This type of show of emotion is pretty rare for Félix, who usually just shakes his opponent’s hand, throws a determined look over to his box with the satisfaction of a job well done and flashes a friendly smile to acknowledge the crowd with respect and gratitude.
But in this particular moment, after collapsing as if he’d won a major, he let out a shout.
Relief, happiness, an outlet for the escalating tension his astounding string of successes sparked. All those things.
And then there’s the specter of young Holger Rune, who’s starting to wreak havoc in the ATP but couldn’t shake the solid, quiet confidence of his 22-year-old rival on his way to the top.
A thousand words indeed.
Through the roof
Félix’s last three tournaments were in indoor arenas in Italy, Belgium and Switzerland. And let’s not forget his magical performances at Laver Cup at the O2 in London, where he overpowered former No.1 and 22-time Grand Slam champion Novak Djokovic, and at the Davis Cup Finals in Valencia, where he dismantled current No.1 Carlos Alcaraz.
Fast-forward to the semis in Basel, and the Spanish sensation was still no match for Auger-Aliassime, who sent Alcaraz packing (6-3, 6-2) and gave basically nothing away on his serve (one break point in four matches)
When it was all over, former player turned commentator Marco Chiudinelli asked Félix what it is about a roof that makes his game better.
“I guess it’s good that I grew up in Montréal, Canada, you know,” said Félix, laughing. “And you guys live this here as well. But spending half the year indoors, growing up, I guess it’s paying off now. So, I’m happy with the way I’ve been playing. I guess the indoor courts have been fortunate to me.”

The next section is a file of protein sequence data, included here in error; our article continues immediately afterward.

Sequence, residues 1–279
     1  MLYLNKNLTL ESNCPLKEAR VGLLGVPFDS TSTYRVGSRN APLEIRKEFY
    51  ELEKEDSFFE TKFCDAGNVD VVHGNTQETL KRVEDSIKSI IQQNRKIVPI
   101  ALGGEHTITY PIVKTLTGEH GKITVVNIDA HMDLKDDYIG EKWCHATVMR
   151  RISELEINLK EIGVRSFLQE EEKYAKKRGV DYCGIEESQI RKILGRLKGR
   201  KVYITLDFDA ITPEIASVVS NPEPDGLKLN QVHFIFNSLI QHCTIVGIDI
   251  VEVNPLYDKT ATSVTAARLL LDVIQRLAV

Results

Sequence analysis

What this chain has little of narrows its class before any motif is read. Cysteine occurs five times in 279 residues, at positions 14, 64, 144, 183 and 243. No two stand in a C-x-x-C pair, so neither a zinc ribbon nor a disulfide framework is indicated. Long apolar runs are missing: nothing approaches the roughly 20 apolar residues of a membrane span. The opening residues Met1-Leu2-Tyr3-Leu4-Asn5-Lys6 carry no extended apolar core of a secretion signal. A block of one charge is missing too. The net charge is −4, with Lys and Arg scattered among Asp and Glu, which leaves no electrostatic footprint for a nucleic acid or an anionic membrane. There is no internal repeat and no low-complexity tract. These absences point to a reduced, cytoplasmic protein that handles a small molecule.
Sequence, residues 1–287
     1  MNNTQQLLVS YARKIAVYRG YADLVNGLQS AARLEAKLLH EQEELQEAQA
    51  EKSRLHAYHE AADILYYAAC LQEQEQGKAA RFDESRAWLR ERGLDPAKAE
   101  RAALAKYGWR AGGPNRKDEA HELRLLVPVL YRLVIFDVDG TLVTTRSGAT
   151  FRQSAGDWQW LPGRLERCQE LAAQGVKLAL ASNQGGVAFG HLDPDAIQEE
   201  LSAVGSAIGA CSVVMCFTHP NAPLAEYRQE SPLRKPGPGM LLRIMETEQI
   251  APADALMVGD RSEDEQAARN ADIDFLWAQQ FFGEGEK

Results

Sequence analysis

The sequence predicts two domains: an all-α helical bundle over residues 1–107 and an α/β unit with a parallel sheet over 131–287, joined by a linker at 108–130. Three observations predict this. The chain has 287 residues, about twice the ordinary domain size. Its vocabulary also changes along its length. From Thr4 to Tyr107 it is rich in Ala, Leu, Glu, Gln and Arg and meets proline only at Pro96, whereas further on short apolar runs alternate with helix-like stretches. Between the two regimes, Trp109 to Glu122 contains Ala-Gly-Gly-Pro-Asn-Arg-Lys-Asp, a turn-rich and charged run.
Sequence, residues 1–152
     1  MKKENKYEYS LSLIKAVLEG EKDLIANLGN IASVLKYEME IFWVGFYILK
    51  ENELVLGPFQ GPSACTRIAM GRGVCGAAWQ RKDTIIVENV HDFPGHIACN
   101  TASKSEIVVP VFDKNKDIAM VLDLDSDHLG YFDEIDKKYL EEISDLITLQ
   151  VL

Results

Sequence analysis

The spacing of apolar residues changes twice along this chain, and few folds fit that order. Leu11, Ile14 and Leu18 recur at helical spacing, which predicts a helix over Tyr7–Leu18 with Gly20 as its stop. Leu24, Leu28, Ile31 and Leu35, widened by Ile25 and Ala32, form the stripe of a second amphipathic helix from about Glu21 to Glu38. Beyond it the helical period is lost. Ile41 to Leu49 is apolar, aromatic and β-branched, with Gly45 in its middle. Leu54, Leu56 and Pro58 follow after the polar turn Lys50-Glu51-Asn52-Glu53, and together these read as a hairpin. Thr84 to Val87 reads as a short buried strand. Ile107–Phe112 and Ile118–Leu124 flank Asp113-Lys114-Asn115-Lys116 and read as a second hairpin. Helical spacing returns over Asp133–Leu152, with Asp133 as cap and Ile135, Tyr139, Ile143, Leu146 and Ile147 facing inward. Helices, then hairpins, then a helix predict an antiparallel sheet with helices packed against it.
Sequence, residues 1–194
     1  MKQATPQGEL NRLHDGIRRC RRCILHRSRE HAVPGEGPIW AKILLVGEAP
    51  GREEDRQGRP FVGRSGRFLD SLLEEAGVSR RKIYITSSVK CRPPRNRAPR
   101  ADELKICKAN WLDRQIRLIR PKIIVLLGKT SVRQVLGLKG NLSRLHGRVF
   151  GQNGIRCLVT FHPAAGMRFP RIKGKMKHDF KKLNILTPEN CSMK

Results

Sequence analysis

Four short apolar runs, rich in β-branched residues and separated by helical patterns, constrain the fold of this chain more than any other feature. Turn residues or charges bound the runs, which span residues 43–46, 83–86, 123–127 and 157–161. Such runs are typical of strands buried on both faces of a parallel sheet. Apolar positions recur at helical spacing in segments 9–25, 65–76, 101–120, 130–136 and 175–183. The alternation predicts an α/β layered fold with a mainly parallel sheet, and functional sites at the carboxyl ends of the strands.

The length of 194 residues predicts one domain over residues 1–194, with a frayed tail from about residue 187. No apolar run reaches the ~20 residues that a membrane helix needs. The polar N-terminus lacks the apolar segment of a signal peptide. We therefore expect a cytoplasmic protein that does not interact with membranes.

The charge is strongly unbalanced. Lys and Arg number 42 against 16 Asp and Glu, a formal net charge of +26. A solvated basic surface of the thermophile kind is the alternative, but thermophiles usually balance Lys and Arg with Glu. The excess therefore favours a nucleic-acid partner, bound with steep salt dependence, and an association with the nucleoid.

Beyond his charm, his stats reveal how he dominated all three tournaments.
He averaged an amazingly low 10.5 unforced errors per match. That’s key.
Also key is his serve. In 141 service games, he gave his 13 rivals only 20 break points and was broken only 5 times. In Basel, he was never broken despite 12 attempts.
He also hit 145 aces in 13 matches, averaging 11.2 per match, and made 18 double faults, averaging only 1.3 per match.
In three weeks, he’s 67.3% on his first serves made and 83.5% on first serves won.
Through. The. Roof.
A(nother) star is born on August 8
That other star is Félix Auger-Aliassime, who shares a birthday with Roger Federer.
Their common birthdate was brought up before Basel, and a popular prediction came true when Félix clinched the title and added his name to the honour roll in his idol’s hometown (10 titles in 15 appearances between 2000 and 2019 for Federer).
That’s the same idol Auger-Aliassime defeated almost reluctantly on June 16, 2021, on the grass in Halle (4-6, 6-3, 6-2), in the earliest days of Federer’s slow slide into retirement after knee surgeries.